Optimise your office space

Office space provides a point of differentiation for businesses and in crowded cities can offer sought after access to the outdoors. IKEA Greenwich, dubbed the world’s most sustainable IKEA store, includes a roof pavilion and garden as a space for employees to take breaks and restore. Moreover, IKEA have opened the area to customers and community groups alike, who can attend yoga and gardening sessions with a skyline view of London. 

For people working from home, perhaps with limited access to nature, there are a number of options to ‘bring the outdoors in’. Acclaimed journalist Lucy Jones, author of the book ‘Losing Eden: Why our Minds Need the Wild’, offers her insight on the subject: “While higher quality nature rich in biodiversity is optimal, anything is better than nothing.” She suggests growing small plants, opening up the window to listen to the dawn chorus and even reading poetry about nature. All these activities have proven positive effects, with little cost.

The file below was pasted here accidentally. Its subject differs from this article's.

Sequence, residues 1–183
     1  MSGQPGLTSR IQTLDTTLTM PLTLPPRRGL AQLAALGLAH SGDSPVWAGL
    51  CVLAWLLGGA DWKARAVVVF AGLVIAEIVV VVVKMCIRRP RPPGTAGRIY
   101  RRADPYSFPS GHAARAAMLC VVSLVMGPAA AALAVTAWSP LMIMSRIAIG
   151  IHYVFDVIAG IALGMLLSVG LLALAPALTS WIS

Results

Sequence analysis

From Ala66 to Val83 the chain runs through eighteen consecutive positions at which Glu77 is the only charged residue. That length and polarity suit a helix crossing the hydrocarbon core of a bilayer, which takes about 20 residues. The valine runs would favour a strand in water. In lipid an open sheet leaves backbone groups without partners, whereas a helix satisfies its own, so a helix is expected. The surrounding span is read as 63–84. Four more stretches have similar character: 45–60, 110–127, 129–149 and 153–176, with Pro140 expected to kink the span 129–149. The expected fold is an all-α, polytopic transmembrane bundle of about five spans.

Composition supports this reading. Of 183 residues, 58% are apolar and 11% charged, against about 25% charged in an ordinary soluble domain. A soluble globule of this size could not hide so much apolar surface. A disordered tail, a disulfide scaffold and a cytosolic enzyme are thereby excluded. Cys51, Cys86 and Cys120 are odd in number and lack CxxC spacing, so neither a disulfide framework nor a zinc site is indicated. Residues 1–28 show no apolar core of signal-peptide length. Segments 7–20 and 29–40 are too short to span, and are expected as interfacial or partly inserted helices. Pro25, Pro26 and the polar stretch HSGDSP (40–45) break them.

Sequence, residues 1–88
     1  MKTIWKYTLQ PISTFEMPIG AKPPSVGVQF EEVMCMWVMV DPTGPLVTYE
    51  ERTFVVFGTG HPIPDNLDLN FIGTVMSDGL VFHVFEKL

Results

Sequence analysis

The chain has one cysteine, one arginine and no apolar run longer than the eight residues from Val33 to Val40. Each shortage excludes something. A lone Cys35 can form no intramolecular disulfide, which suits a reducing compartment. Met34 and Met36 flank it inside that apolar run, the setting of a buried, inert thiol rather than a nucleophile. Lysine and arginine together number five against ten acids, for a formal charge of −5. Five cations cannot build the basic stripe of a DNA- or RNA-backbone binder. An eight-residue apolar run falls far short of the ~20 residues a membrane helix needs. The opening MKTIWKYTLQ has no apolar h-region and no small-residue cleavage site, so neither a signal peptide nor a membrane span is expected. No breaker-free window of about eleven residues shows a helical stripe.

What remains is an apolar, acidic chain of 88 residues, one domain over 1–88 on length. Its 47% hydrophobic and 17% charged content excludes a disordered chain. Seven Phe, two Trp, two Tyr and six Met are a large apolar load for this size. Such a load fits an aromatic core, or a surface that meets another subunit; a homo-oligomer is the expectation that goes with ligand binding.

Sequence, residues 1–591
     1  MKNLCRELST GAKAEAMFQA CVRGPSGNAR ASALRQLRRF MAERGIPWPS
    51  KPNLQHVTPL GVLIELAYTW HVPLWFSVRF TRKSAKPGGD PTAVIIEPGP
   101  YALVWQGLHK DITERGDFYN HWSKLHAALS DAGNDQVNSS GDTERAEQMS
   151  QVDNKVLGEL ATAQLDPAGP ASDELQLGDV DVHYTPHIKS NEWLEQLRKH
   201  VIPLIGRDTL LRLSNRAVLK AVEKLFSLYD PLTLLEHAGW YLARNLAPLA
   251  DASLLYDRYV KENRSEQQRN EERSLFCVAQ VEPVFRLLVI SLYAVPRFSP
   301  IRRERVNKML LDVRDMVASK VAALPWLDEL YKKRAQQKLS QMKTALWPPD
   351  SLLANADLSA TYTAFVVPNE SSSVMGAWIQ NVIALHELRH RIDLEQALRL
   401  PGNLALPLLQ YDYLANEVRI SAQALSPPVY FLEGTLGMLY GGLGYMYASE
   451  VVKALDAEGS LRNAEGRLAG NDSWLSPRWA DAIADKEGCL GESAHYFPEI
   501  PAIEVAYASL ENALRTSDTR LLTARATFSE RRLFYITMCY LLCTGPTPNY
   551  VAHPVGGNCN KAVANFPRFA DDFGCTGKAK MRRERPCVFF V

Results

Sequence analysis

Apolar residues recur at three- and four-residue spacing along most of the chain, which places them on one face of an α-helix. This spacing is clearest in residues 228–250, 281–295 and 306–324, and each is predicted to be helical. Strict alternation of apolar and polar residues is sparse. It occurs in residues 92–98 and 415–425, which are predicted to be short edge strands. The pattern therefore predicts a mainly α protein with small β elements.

Office plants can do much to increase the air quality and atmosphere of a room. Nasa has handily produced a list of the best air-filtering plants. Companies such as Patch Plants offer a whole range of pot plants for you to decorate your office or to send to homeworkers as a sign of support. Take inspiration from the Bristol offices of energy company OVO which includes six indoor trees, 500 balcony plants and 100 standing plants in its inventory.

Walk the walk while you talk